Marius joins the revolution

Marius joins the revolution

Musicals converted into movies are not always successful. Les Misérables is clearly an exception to the rule. It’s a must of the 2013 cinematic season and I urge you to rush along to the cinemas as soon as you can. But don’t forget your Kleenex…

Cabaret returns in style to London’s Savoy Theatre

I’ve always adored Cabaret and I really don’t understand why it has taken so long to come back onto the London stage. With its unforgettable score, including classics such as Wilkommen, Maybe This Time, and the title song Cabaret, and a vivid, contrasting, and unsettling historical setting of 1930s Berlin just before the Nazi stranglehold on the city made its sinister debut, the musical is one of the all time greats. Of course, the spectacle is engrained upon the minds of most musical-lovers in the guise of Liza Minelli’s show-stopping performance of Sally Bowles in Bob Fosse’s 1972 film spectacular, but as a theatrical showpiece, it is every bit as enjoyable. Why then isn’t Cabaret a long-running favourite like the composing team (Kander and Ebb)’s other musical great, Chicago? The mind boggles.

The current showing, directed by Rufus Norris, is sadly only set to run until 19 January – so when I heard that the show was making a swift return to London’s Savoy Theatre, I bought tickets as soon as I could get myself onto ticketmaster. The main attraction for many will be the 2001 Pop-Idol winner, Will Young, cast in the role of Emcee. Will Young was born to play this role. He was nothing short of superb in the overtly exaggerated, flamboyant and at times menacing role of the Cabaret’s Master of Ceremonies. Young’s voice, which shot him to fame as the winner of the first major talent contest of the current millennium, was predictably mesmerizing – he didn’t sing a note out of tune. His performance played notable homage to Joel Grey’s famous imagining of the role in the Fosse film version, but also brought the character to life with fresh and abundant energy, with greater versatility in adapting the role of cabaret host into an effective historical narrator of the social changes happening outside of the Cabaret’s doors but whose poisonous potency was leaking more and more into the lives of the Cabaret’s showmen as each day of the Nazi uprising went on.

Will Young as Emcee

Puffed up for “Money makes the world go round…”

Indeed, while Will Young was easily the star of the show, the other real success of Norris’ direction was his use of the pre-existing score and story line to import an altogether more menacing historical narrative into the piece. The terror which was trickling and then stampeding onto the once sexually liberal, permissive and hedonistic Berlin streets was tangible throughout the show, and this allowed the audience to partake in the very real tension which pervaded the age, climaxing in a stunningly poignant ending which, while not giving it away for those of you who may still have an opportunity to see the show, hinted at the terrorising fate which lay in store for the “alternatives” of Berlin’s Cabaret underworld once the Nazis took control. It left one both chilled, moved and surprised at the end of a show which, in previous manifestations, had maintained a fairly light-hearted atmosphere throughout. In fact in Fosse’s film, the only tangible reference to the fate of the Cabaret is the presence of a swastika armband subtly reflected in the mirror of the Kit-Kat club as the film’s credits come down. Here, the impending doom of Nazi destruction is far more prevalent. My favourite scene was probably Will Young’s performance of the Hitler Jungen marching song, Tomorrow Belongs to Me, in which Young, latterly affixed with the emblematic moustache of Hitler, controls all the surrounding dancers on huge puppet strings, the handles of his puppetry manifesting into large red swastikas which can only be viewed at the climax of the scene, when Young’s singing moves from a demure politicised aria into the increasingly erratic screams of Hitler’s rally rantings. Meanwhile the puppets’ choreography swings from sexualised movement to the regimented marching of gun-wielding soldiers – a brilliant testimony to the mass manipulation of the Nazi propaganda machine and the social changes which swept through the nation.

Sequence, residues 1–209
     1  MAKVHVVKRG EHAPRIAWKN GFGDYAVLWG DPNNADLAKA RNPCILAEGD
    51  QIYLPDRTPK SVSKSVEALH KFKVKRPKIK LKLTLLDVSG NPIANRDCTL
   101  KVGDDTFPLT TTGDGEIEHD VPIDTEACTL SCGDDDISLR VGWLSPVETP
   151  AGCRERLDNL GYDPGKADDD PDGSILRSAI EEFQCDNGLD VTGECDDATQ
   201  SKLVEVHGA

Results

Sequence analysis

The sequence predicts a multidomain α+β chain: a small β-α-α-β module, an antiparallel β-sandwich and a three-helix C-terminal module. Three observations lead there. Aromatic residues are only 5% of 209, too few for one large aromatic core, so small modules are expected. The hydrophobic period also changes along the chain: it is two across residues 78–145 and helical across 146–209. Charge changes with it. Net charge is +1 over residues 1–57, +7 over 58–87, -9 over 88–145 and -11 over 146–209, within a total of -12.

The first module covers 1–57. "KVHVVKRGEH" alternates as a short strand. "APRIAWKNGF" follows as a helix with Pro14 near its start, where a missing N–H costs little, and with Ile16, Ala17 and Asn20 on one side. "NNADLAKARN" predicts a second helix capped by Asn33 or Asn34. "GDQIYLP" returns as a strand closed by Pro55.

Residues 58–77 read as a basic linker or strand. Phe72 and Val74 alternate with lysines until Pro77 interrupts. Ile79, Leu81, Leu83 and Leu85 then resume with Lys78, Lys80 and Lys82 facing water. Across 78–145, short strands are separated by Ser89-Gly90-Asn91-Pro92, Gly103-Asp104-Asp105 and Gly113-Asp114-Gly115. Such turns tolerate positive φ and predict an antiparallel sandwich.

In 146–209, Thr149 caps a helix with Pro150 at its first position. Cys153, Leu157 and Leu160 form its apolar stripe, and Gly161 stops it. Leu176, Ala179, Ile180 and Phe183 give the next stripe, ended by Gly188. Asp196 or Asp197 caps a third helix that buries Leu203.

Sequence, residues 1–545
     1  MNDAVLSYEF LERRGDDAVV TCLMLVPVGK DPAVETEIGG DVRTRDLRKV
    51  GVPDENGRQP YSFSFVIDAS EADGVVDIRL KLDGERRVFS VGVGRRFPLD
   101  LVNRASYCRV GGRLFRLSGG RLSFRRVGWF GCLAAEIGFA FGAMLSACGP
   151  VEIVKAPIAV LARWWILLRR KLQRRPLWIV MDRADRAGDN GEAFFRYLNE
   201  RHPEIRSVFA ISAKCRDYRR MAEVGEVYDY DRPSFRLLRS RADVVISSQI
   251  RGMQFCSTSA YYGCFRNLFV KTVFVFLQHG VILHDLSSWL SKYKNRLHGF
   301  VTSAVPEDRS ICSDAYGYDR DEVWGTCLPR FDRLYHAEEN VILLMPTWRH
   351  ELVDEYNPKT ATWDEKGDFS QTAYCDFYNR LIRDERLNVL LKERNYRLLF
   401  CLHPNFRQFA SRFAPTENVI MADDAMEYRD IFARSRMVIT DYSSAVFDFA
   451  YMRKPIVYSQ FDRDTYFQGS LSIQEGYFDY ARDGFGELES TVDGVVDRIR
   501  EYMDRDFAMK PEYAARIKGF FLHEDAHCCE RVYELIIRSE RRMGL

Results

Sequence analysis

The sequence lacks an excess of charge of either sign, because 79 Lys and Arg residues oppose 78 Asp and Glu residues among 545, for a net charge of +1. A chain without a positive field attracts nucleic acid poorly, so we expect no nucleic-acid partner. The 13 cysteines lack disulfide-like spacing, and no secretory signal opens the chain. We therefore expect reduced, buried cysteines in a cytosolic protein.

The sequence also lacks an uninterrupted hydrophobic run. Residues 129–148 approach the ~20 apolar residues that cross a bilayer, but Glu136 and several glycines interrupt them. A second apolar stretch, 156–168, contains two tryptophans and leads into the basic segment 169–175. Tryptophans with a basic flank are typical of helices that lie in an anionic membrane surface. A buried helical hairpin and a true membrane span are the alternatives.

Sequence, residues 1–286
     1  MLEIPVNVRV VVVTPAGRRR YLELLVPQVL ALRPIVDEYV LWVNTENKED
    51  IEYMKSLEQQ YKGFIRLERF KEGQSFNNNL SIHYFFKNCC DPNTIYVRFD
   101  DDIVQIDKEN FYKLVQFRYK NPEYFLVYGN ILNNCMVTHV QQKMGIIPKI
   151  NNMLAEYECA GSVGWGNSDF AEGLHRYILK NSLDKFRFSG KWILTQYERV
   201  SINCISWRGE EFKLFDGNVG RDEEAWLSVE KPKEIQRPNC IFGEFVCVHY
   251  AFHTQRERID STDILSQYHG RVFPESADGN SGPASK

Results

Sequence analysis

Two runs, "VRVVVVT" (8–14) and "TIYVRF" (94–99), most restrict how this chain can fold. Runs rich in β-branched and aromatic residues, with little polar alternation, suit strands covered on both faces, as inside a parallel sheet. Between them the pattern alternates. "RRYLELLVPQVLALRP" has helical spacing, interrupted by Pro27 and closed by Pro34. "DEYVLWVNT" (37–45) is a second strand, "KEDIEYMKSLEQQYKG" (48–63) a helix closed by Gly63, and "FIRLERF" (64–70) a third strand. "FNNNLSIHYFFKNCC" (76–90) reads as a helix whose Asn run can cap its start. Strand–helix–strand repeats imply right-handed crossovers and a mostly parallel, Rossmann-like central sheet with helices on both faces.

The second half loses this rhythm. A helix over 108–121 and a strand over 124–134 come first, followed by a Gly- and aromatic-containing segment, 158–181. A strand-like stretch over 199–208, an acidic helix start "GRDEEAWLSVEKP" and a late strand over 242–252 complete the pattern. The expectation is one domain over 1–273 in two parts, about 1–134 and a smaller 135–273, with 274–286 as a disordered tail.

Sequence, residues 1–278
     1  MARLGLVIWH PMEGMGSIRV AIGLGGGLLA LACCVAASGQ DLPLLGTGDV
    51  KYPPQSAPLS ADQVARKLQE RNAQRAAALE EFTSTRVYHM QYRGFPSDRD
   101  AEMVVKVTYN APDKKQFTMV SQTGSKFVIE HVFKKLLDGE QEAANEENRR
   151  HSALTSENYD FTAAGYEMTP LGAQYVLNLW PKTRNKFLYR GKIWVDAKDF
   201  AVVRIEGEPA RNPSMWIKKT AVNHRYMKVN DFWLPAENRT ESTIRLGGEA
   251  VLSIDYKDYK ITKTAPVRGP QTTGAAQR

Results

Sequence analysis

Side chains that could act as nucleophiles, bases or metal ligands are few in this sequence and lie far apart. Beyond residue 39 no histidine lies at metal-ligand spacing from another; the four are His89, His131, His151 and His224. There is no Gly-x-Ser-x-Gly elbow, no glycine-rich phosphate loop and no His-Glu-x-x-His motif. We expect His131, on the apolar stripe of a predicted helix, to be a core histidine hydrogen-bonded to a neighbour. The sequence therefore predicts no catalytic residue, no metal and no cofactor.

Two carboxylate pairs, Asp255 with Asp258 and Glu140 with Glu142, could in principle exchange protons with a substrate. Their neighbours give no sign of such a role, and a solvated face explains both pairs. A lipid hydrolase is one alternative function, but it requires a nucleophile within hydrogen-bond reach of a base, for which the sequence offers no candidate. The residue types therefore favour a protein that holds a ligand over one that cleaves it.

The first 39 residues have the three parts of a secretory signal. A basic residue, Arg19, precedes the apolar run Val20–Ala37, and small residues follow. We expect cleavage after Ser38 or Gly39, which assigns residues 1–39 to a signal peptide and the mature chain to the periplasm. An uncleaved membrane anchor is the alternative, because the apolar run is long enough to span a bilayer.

Michelle Ryan as Sally Bowles

For me, the only real disappointment was Eastenders actress Michelle Ryan in the role of Sally Bowles. Minelli’s shoes are big ones to fill, and the role of Sally Bowles must be a daunting prospect for even the most adroit of singer-actresses. And yet such is the complexity of the role – a second-rate show star with an overtly familiar manner hiding a destructive, and at times desperate personality – that it would come as a challenge which most actresses would relish. But in Ryan’s interpretation, that depth and complexity of character was insufficiently prevalent. The eccentricity of the characterisation appeared a little forced and contrived, while the emotional breadth of the role was only scantly explored. Sally’s big ballad, Maybe This Time, lacked the integral desperation of the character who gives the audience this rare glimpse into the true insecurities lying beneath the bravado. Ryan’s performance seemed more concentrated on hitting the high notes – which she failed to do with any confidence. And while her singing was not at all bad, it appeared to be heavily reliant on amplification so that it could carry with anything resembling gusto. I understand that theatres want to attract audiences by casting celebrity stars, but Will Young will have been enough to pull in the crowds here. Sally Bowles is a superb opportunity for a budding actress to make it big, and I think it’s a real shame that this opportunity was not afforded to a deserving young star in the making.

Overall, Norris’ Cabaret is a brilliant reimagination of this piece of classic musical theatre which is given new life and a potent historical re-examination. Its success is however highly dependent on the captivating role played by Will Young, and for that reason is inherently unstable as an ongoing production, with a quickly evaporating shelf-life and a near disaster if Mr Young catches the flu. Let’s hope he keeps on pleasing audiences right through to January 19th.